To help resolve this problem across the board, for all your queries, you really need to re-cluster the CommoditySupplier table. This is a classic case of the "default clustering by identity column" problem. Unfortunately, since it's such a large table, this will take quite a while. You'd almost certainly want to try it first in a test environment anyway. Change the clustered index as shown below, then retry the query. Review the query plan to make sure SQL is searching the Commodity table first, then doing (joined) seeks on the CommoditySupplier table.
--first, drop all nonclustered indexes (if any)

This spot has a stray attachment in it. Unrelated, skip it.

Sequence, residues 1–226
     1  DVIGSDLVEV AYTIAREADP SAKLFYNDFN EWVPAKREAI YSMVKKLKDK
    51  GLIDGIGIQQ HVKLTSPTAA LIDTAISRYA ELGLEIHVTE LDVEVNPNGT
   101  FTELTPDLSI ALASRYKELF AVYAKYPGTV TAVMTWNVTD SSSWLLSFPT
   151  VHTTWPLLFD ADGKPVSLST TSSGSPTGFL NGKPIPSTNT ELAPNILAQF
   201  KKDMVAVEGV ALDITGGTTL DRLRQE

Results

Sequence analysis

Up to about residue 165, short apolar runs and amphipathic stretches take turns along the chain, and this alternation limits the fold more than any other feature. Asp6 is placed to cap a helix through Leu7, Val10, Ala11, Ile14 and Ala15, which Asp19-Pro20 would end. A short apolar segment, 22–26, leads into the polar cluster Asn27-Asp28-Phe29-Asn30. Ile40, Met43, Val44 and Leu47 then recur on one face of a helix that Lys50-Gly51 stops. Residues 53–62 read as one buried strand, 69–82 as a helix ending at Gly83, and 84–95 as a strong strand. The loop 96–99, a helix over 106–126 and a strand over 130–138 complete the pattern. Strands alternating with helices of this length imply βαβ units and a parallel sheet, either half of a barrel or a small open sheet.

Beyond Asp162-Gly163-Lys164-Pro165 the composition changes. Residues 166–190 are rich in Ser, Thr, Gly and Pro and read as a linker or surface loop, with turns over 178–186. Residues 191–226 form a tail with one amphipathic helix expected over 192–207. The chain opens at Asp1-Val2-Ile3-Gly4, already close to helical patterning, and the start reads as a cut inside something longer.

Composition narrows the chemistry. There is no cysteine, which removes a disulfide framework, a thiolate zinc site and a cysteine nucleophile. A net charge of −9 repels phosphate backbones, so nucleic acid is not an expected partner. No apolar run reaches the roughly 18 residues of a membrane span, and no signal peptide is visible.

ALTER TABLE dbo.CommoditySupplier DROP CONSTRAINT PK_CommoditySupplier;
CREATE UNIQUE CLUSTERED INDEX CL_CommoditySupplier ON dbo.CommoditySupplier
( CommodityID, SuppliedID /*, CommoditySupplierID */
/*Add CSID *ONLY* IF *REQUIRED* TO MAKE THE FIRST TWO COLUMNS UNIQUE*/ )
WITH ( /*DATA_COMPRESSION = PAGE,*/ FILLFACTOR = 98, SORT_IN_TEMPDB = ON )
--re-create the PK, but nonclustered
ALTER TABLE dbo.CommoditySupplier ADD CONSTRAINT PK_CommoditySupplier PRIMARY KEY NONCLUSTERED ( CommoditySupplierID ) WITH ( /*DATA_COMPRESSION = ROW,*/ FILLFACTOR = 99, ... ) ON [...same_fg_name...];
--recreate all nonclustered indexes (if any)
SQL DBA,SQL Server MVP(07, 08, 09) Prosecutor James Blackburn, in closing argument in the Fatal Vision murders trial: If in the future, you should cry a tear, cry one for them [the murder victims]. If in the future, you should say a prayer, say one for them. And if in the future, you should light a candle, light one for them.